By Thomas Meehan. Illustrated by chromo-lithographs, by L. Prang & Co., Boston. The editor of this journal - the author of the above work, cannot, of course, say anything of its value - this he shall leave to his co-temporaries; but he may be pardoned for saying why it was undertaken, and what he hopes to accomplish. It has always been the aim of his life to aid in spreading intelligence among the whole people. Twenty years ago, before the Gardener's Monthly was thought of, the existing Horticultural magazines appealed only to the wealthier classes. It was thought something might be done for Horticulture and general intelligence among a class that could not subscribe for higher-priced papers. Thus a magazine at two-thirds or three-fourths less in price than any then existing was projected, and the Gardener's Monthly was born. There was no intention of competing with any other magazine, but to work in a field wholly its own. Conscious of innumerable imperfections in his ability to manage it, he yet believes it has done some good - at any rate, all the good he ever hoped for it.

The same feeling induces the present attempt. Botanical works are abundant; but it seems to him there is yet room for a cheap woik for the people. There are thousands who want to know something about wild flowers, who, when they are attracted by some wild waif of Flora, are interested in its history in all its relations to man, but who have not the time, money or opportunities to investigate the subject. Could not something cheap be prepared for these people? This work is the answer. Four colored plates and sixteen pages of letter-press for fifty cents. Can we do more? What our critical friends may have to say of the work we cannot, of course, at this writing, tell. It is just possible some will show that if the work had been five dollars instead of fifty cents, much better plates or better work could have been given; that if the author had more intelligence it would have been better done; that if he had not blundered here or blundered there it would have been nearer perfection; that if the artist had only seen this or seen that he would have made a more accurate representation, or that the lithographer should have put more color here or less there, in order to have done just the light thing.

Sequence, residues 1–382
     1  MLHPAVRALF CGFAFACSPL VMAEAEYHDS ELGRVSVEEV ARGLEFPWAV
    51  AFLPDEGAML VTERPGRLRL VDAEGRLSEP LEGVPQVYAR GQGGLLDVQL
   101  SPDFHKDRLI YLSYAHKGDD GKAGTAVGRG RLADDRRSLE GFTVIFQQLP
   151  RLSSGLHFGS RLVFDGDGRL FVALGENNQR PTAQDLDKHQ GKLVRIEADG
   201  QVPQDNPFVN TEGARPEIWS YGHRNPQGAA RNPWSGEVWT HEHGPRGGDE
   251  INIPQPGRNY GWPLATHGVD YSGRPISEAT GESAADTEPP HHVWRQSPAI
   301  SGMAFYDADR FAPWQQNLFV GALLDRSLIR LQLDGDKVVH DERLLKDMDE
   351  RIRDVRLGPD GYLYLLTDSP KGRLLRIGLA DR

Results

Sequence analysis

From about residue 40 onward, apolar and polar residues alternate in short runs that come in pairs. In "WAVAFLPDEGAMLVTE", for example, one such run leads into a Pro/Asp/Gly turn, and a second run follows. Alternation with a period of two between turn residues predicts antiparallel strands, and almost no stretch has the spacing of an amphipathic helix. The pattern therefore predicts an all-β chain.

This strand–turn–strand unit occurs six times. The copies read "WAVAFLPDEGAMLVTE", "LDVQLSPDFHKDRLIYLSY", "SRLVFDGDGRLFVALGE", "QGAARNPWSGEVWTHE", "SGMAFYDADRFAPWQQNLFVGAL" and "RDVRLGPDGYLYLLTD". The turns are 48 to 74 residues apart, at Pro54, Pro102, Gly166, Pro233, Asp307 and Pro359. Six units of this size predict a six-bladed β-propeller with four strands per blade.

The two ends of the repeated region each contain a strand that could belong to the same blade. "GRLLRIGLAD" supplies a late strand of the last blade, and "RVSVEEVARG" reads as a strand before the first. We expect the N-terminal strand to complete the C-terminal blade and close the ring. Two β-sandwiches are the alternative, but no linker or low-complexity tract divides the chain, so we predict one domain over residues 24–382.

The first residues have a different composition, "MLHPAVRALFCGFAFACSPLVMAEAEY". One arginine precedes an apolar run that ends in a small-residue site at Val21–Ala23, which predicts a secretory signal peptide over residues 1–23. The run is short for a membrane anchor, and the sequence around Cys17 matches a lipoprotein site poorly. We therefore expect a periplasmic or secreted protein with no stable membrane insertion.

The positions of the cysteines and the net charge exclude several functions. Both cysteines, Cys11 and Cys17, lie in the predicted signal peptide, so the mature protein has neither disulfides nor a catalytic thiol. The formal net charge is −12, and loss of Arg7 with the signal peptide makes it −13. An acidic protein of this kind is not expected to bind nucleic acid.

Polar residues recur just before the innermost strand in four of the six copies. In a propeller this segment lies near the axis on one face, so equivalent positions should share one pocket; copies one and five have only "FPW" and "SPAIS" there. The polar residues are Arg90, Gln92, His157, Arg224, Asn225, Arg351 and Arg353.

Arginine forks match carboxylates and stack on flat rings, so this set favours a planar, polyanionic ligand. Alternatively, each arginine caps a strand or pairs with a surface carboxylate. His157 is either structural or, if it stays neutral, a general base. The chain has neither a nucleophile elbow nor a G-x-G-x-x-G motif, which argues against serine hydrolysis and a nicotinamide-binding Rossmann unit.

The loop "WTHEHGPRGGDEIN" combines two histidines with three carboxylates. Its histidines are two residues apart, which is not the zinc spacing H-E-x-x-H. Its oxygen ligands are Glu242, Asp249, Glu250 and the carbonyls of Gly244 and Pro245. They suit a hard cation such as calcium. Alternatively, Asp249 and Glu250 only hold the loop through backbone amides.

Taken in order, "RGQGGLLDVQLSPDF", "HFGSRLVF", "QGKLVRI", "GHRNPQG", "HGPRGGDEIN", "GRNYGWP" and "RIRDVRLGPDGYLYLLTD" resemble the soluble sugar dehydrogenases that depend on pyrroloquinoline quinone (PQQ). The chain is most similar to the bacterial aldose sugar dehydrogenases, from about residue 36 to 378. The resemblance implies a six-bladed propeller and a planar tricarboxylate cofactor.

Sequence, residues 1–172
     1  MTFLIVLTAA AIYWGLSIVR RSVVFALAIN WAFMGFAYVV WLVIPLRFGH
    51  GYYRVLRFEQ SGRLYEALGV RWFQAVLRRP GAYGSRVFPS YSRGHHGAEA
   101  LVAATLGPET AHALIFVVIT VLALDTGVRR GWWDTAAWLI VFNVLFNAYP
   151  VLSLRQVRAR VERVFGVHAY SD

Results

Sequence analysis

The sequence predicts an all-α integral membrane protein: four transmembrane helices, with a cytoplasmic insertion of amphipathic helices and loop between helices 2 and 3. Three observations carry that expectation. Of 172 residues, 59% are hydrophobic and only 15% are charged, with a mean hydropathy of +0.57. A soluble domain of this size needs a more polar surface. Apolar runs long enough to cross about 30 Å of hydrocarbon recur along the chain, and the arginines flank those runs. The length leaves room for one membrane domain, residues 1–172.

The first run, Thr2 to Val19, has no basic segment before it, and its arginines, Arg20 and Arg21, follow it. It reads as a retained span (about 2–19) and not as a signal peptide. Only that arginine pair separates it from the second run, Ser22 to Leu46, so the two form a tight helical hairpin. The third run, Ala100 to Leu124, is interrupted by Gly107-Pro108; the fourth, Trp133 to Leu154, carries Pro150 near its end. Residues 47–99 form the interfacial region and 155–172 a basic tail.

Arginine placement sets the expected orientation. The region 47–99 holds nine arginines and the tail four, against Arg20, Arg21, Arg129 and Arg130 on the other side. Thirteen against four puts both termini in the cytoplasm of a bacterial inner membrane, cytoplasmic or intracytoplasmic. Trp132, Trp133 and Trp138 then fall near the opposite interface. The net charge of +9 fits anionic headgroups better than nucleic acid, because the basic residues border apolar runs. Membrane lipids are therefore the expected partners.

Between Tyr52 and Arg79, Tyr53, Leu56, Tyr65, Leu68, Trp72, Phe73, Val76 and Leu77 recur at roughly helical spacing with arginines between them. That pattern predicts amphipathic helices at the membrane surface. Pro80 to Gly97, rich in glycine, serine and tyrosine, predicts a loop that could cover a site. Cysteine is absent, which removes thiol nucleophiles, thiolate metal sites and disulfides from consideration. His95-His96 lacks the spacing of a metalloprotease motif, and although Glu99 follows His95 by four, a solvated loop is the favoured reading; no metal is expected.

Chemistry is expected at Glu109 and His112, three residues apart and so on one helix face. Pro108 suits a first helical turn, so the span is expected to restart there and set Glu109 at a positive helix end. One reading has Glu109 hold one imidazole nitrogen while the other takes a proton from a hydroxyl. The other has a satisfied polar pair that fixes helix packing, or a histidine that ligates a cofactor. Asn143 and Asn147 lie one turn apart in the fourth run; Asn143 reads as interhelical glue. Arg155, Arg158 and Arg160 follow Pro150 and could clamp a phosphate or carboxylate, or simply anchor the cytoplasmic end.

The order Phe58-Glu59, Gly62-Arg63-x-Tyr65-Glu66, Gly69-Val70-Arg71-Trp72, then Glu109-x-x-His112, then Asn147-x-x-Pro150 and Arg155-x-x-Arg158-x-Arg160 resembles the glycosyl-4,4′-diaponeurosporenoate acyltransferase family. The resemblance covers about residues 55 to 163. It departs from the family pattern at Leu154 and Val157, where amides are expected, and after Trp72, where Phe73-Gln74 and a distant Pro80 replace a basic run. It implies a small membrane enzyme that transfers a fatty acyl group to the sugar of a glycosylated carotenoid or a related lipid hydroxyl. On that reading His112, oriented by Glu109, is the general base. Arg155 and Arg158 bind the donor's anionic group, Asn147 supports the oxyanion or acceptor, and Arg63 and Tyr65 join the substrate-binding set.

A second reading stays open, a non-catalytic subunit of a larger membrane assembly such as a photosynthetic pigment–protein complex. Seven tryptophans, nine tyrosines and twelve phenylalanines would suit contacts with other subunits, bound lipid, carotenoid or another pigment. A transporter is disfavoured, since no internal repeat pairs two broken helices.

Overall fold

Perhaps no one is more conscious of all this than the editor himself. Had he hesitated on these scores, as probably so many have before him, the work would never have been begun. It would have been much more to his taste if some gentleman of means, greater accomplishments, and more time to spare than he had, should have undertaken it. If some such a one so well fitted for the task could have been induced to take it up, the public would probably have had a much more complete work.

But as the fact was, no one else would undertake a people's work of this magnitude, so the present editor tried it. Imperfect as it may be, he yet hopes to improve as he progresses; and in the meantime he feels sure that he will have taken an intelligent pleasure into thousands of homes.